You also need to consider costs for packaging, shipping, storage, marketing, as well as any fees related to legal advice, licensing and any retail and/or wholesale permits you may need wherever you may be operating.
My advice would be to do some research initially and go to an accountant, or even a manufacturer, distributor or wholesaler in your industry and ask about costs and fees. You can also do a lot of this type of research online.
Be aware there are a lot of "hidden fees" and costs that start to creep up on you, and you'll most likely only get an idea of what these are by asking people in the industry. Some can be as simple to quantify as the merchant fees on credit card purchases. Others, such as gaps in cash flow between the time people order from you and when you actually get paid, will be harder.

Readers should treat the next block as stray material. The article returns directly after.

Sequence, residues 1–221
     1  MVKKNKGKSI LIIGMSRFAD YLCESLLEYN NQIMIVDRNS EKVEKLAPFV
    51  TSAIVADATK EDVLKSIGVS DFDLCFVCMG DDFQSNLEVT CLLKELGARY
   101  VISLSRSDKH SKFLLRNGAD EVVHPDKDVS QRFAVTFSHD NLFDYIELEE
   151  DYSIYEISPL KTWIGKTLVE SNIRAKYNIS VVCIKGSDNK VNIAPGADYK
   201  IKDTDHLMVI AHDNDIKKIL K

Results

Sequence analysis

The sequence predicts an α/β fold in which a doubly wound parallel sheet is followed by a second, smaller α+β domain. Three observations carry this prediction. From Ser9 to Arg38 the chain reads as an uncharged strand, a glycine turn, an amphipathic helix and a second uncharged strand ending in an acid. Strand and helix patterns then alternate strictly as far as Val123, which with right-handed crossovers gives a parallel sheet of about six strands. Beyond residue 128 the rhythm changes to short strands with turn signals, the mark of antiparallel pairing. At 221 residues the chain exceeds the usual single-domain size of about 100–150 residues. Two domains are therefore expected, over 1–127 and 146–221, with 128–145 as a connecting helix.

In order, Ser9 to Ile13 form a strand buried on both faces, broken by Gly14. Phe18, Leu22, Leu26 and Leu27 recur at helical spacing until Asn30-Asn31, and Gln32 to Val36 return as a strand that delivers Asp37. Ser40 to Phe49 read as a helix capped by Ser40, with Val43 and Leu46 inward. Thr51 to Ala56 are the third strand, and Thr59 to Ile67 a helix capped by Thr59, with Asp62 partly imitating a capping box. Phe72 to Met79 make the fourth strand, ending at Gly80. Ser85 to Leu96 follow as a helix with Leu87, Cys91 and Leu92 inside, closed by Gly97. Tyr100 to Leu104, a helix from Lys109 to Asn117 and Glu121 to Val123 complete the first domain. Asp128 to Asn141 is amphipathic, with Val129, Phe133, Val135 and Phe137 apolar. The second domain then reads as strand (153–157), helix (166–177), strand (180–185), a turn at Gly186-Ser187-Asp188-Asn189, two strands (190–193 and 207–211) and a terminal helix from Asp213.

You'll also need to consider your own salary in your expense calculations because you will want to be rewarded for your efforts.
Additionally, you'll need to consider all your office space, utilities and supplies. My take on these is to keep them as low as possible, working from home for as long as you can. Generally, you'll want to "guesstimate" what your revenues from your venture will be, then cut this by 30 percent.
Then, make a list of all the costs you can determine and increase that number that by at least 50 percent. Why? Your sales are never as big as you think they will be when you first start out, and all those "hidden expenses" start adding up from places and sources you never originally planned for or expected.
In the end, this exercise in determining your costs should build a solid foundation for your business. You'll have real knowledge of the cost of your own operations few owners truly possess.
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